Sunday, April 23, 2006

 

Hostel & Gretel

Despite its explicit gore, writer/director Eli Roth's latest film -- the boxoffice hit, Hostel (which just arrived on DVD) -- is actually a cautionary tale much in the spirit of a Brothers Grimm fairy tale. "Hansel and Gretel" specifically comes to mind. It's no mistake that Roth also sets his story in Europe (the birthplace of Grimm fairy tales), where here, out-of-their-element Americans are backpacking across the continent and are unwittingly drawn closer to their deaths by the allure of "something sweet." But Roth replaces the actual candies and gingerbread of "Hansel and Gretel" with the promise of sweet sex with beautiful young women. It's also no mistake that the real danger only occurs when the young Americans are willing to venture deeper into Eastern Europe (the home of vampires and werewolves of lore). On the surface, the story here is pretty simple -- As in most horror films, sex will eventually equal death. And there is no mistake about the fact that the young (an sometimes "ugly") Americans are on a mission to find European women to bed. So, naturally they are intrigued when a European stranger shows them photos of a hostel (hotel) with beautiful women willing to have sex, and directs them to it. The promise of a "sure thing" sends the friends out "into the woods" of Eastern Europe searching for their "sweets." And like the young brother and sister team of the fairy tale, once they get a taste, they find it difficult to leave. The witch's house is replaced with a "death factory," and the witch, with business men who will pay dearly to have the opportunity to kill humans in any manner they wish. The grisly images of the death factory is what has given Hostel its infamous reputation. But, when you think about it, is "softening up" men with sex, so they can be lured to their deaths, really any more gruesome than "fattening up" a little boy, so he can be cooked in a witch's oven?! Like the witch of the Grimm fairy tale, the "monsters" of this film meet an equally horrible fate in the end as well. What Roth has done is create a fairy tale for our times -- perhaps with more blood, yes -- but certainly with no more of a gruesome nature than the stories so many parents read their children just before tucking them to bed.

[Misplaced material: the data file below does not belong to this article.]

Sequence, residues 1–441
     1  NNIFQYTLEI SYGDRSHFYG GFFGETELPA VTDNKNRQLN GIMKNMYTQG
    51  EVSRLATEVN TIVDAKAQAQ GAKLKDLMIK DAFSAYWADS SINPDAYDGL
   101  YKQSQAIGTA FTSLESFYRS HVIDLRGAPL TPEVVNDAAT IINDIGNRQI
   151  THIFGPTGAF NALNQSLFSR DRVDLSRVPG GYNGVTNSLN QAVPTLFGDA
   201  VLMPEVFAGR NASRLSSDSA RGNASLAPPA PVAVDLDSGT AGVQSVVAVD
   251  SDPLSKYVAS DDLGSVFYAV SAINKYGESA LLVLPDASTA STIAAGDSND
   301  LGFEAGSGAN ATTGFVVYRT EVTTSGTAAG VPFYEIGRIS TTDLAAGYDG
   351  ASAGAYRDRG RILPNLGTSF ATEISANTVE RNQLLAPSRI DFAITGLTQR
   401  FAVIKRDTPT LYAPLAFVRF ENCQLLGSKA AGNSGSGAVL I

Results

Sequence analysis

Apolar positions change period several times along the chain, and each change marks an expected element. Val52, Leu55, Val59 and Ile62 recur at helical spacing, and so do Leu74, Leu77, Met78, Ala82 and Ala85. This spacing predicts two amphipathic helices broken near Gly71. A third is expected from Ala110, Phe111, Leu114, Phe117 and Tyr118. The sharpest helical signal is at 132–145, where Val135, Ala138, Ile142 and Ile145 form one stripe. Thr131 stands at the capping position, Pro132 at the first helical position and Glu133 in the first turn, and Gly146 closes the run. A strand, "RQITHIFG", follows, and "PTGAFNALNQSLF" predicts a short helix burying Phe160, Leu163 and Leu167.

Comments:
Good post. I totally agree. I have always thought that those old european fairy tales should have a warning on them far more prohibitive than an NC17 rating. When I was five and six my father took me to most of the movies he wanted to see, including James Bond films, spaghetti westerns and cop thrillers like Dirty Harry. Unless the film was notoriously filled with mayhem or sex, he took me when he went to movies. I was seven when the Godfather came out and he took me to that too and, while some might argue the point, I really don't think these movies did me any harm.
But very very early on I put a stop to hearing the fairy tales. They were too much; they seemed even to this six-year-old to revel too much in the horrible and the cruel. I could take Moe Green getting it in the eye as intended. I wasn't shocked to my core to hear Popeye Doyle swearing a blue streak or seeing him leave suspects black and blue. But I wanted no part of the abject cruelty and vileness of the Brothers Grimm. I may have been a cynic at a young age (my permenant record says I was in so many words!) but I was not prepared to hear about people who got off on torturing their step children or luring hungry kids with candy in order to canibalize them! In the words of a character in one of the blaxploitation films I saw at the time: "Fuck dat shit."
 
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